Scott Caan, left, is Danno and Alex O'Loughlin is McGarrett in CBS's update of "Hawaii Five-0."
By Rob Owen Pittsburgh Post-Gazette
CBS's "Mike & Molly" probably won't ever be a critically loved show, but it certainly deserves to be liked.
Premiering tonight at 9:30 on KDKA-TV, this sitcom about two overweight singles who meet cute at an Overeaters Anonymous meeting conjures laughs and "awws," thanks to its two talented leads and a supporting player.
Swissvale native Billy Gardell ("Lucky") stars as Chicago cop Mike, who is lonely and miserable. Melissa McCarthy, who won viewers over as Sookie on "Gilmore Girls," stars as Molly, a fourth-grade teacher who also just wants to be loved.
Yes, the pilot contains its share of fat jokes, but thanks to salt-of-the-earth performances by Mr. Gardell and Ms. McCarthy, there are also a few moments of realness among the studio audience guffaws. Molly seems genuinely charmed by Mike, who "shares" at a group meeting in what sounds like a stand-up routine.
"I figure if everyone's laughing, they won't try to kill and cook each other," Mike says afterwards.
'Mike & Molly'
When: 9:30 tonight, CBS.
Stars: Billy Gardell, Melissa McCarthy
When: 10 tonight, CBS.
Stars: Alex O'Loughlin, Scott Caan.
Mike gets support from his co-worker, Officer Carl McMillan, played by Reno Wilson, who threatens to steal the show from its stars on several occasions. Molly receives less support from her oblivious mother (Swoosie Kurtz) and pothead sister (Carnegie Mellon University grad Katy Mixon), whose characters are unfortunately one-note in the pilot episode.
"Mike & Molly" was created by Mark Roberts ("Two and a Half Men"), who wrote tonight's premiere. Executive producer Chuck Lorre also oversees "Men" and "Big Bang Theory," which relocates to 8 p.m. Thursday this week.
"Mike & Molly" has more of the crude humor of "Men" than "Big Bang" had at the start, but it's offset by a sweetness in the lead characters that makes this sitcom a welcome addition to CBS's Monday night laughter lineup.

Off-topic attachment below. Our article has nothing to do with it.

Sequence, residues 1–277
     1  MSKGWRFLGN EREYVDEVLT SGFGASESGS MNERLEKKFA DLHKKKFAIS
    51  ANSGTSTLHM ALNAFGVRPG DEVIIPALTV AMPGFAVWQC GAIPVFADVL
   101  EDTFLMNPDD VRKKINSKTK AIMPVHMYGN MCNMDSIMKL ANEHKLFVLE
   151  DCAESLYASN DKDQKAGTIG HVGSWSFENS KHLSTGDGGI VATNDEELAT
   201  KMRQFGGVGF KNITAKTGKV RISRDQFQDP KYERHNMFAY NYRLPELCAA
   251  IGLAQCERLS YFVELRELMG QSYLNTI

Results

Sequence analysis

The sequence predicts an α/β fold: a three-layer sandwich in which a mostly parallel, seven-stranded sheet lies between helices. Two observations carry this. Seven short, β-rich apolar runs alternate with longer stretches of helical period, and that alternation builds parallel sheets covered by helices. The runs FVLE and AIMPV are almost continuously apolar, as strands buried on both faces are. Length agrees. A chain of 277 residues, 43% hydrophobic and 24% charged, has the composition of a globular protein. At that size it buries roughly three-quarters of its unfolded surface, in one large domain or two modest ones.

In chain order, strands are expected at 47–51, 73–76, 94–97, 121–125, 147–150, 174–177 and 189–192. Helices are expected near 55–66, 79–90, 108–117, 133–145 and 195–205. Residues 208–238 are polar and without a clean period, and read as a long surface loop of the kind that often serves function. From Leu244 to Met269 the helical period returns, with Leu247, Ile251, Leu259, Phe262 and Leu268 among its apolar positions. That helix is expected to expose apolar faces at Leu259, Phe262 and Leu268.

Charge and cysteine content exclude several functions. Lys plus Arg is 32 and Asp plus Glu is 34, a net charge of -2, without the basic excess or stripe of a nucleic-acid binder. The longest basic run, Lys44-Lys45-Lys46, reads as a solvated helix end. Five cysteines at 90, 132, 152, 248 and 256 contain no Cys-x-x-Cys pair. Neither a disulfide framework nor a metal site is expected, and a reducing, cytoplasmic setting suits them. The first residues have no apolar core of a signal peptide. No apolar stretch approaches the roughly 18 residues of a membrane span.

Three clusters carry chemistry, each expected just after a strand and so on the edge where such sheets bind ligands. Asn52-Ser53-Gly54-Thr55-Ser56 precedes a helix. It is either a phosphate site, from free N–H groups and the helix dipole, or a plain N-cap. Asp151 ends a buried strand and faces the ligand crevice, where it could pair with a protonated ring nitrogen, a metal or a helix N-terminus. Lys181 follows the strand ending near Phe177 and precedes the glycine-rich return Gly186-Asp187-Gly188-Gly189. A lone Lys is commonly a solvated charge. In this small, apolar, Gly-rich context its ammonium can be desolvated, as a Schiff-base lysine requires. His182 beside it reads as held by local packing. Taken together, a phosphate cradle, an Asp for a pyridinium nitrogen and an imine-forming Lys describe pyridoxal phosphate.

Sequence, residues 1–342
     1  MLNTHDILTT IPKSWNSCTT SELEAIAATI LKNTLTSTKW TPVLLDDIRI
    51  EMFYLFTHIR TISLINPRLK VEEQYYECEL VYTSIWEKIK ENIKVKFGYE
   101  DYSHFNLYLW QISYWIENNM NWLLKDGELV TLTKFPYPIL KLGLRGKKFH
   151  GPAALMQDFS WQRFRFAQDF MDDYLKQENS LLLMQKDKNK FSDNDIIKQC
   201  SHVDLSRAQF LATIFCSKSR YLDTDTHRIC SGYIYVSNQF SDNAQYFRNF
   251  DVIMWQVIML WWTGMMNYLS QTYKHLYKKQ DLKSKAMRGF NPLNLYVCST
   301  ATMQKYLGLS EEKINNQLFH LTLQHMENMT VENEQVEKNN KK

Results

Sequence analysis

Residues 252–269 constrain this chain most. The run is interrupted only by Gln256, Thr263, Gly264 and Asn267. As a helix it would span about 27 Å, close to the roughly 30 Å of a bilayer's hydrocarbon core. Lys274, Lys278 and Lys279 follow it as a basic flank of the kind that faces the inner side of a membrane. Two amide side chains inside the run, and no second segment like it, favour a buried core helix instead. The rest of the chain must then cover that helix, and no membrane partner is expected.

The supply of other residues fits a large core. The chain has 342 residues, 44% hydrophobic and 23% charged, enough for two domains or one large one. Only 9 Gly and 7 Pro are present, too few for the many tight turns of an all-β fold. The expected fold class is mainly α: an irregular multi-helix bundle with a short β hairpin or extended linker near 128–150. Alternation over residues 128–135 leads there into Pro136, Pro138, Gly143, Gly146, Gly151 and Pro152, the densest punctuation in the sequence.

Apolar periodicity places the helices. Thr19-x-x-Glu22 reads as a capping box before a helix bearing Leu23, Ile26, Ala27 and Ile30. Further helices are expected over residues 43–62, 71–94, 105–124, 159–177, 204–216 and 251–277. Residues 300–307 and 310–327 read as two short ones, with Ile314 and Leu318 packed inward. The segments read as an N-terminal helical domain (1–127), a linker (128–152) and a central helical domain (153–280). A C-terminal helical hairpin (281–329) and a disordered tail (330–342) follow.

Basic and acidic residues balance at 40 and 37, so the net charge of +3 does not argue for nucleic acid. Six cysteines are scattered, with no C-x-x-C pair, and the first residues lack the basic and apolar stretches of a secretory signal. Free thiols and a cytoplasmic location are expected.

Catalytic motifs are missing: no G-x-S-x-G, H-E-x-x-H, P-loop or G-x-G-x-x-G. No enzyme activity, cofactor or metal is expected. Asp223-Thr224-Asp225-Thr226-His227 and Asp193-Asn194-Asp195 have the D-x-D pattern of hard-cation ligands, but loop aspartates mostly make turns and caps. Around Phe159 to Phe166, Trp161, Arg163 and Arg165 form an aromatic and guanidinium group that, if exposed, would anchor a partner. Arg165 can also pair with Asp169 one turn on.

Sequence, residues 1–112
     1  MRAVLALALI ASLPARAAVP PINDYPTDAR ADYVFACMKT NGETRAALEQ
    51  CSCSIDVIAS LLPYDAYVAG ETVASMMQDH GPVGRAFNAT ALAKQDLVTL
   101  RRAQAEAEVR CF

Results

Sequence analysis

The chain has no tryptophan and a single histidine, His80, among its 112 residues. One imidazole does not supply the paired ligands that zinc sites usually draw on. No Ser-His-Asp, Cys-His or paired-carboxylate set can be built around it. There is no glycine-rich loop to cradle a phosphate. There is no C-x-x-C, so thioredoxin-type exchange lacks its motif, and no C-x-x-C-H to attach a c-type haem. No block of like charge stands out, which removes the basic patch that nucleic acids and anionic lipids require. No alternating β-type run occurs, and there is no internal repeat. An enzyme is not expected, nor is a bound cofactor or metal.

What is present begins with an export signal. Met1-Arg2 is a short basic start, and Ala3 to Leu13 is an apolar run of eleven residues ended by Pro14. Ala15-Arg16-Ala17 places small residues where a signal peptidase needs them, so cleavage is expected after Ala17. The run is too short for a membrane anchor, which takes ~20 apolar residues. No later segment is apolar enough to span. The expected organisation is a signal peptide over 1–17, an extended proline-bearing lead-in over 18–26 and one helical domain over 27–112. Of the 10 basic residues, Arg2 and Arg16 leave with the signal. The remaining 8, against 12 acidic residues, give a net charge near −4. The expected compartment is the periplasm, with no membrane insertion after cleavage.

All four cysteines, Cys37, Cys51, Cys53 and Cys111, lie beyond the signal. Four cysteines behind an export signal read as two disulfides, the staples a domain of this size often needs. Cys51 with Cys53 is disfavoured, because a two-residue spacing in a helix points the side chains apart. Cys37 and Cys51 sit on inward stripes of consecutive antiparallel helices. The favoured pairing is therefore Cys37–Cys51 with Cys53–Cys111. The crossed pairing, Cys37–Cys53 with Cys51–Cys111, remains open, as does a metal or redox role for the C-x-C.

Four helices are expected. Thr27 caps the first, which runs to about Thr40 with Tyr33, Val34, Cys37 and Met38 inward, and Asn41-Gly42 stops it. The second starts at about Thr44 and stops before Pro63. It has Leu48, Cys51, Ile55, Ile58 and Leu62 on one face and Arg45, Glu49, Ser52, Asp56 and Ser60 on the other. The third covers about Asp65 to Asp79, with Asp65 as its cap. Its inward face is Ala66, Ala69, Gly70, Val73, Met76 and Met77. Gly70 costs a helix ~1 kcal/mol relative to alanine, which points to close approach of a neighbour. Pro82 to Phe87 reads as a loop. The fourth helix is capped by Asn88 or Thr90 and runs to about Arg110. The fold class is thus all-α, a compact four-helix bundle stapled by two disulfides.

If nothing else, they get the theme song right.
CBS remakes "Hawaii Five-0" (10 tonight, KDKA) as just another piece of turn-your-brain-off escapist fare, a loud, action-packed pilot with little heart and less humor.
Its saving grace is that the show looks fantastic, thanks to location filming in and around Oahu, Hawaii.
The story begins as naval officer Steve McGarrett (Alex O'Loughlin) kills a terrorist whose brother then murders McGarrett's father.
McGarrett, seeking justice/vengeance returns to his Hawaii hometown and takes an offer from the governor (guest star Jean Smart) to lead a team of cops in search of his father's killer.
McGarrett gets paired with Danny "Danno" Williams (Scott Caan), who is newly arrived from the mainland and not a fan of the "pineapple-infested hellhole" he finds himself living in. But thank goodness he's around. Mr. Caan breathes life (and lightness) into an otherwise routine procedural.
Two supporting actors also make a positive impression, particularly Daniel Dae Kim ("Lost") as Chin Ho Kelly, a protege of McGarrett's father. Grace Park ("Battlestar Galactica") plays Kono Kalakaua, Chin Ho's cousin and recent police academy grad.
Neither CBS executives nor civilian fans of Alex O'Loughlin are likely to be deterred in their continuing quest to make the actor, late of one-season-and-done series "Moonlight" and "Three Rivers," a star. And with the brand name appeal of "Hawaii Five-0," Mr. O'Loughlin might finally taste success in spite of always playing characters that come across as dull and without depth.
It's not clear in tonight's pilot which is more wooden, some of McGarrett's dialogue or Mr. O'Loughlin's performance. There's a blandness to this McGarrett, particularly in scenes where he's paired with the more interesting Danno.
Maybe in time the writers and Mr. O'Loughlin will find shades of McGarrett beyond the actor's ability to effortlessly doff a shirt. Regardless, Mr. O'Loughlin and "Hawaii Five-0" can't possibly be worse than pun-plagued David Caruso and "CSI: Miami," which moves to 10 p.m. Sunday starting Oct. 3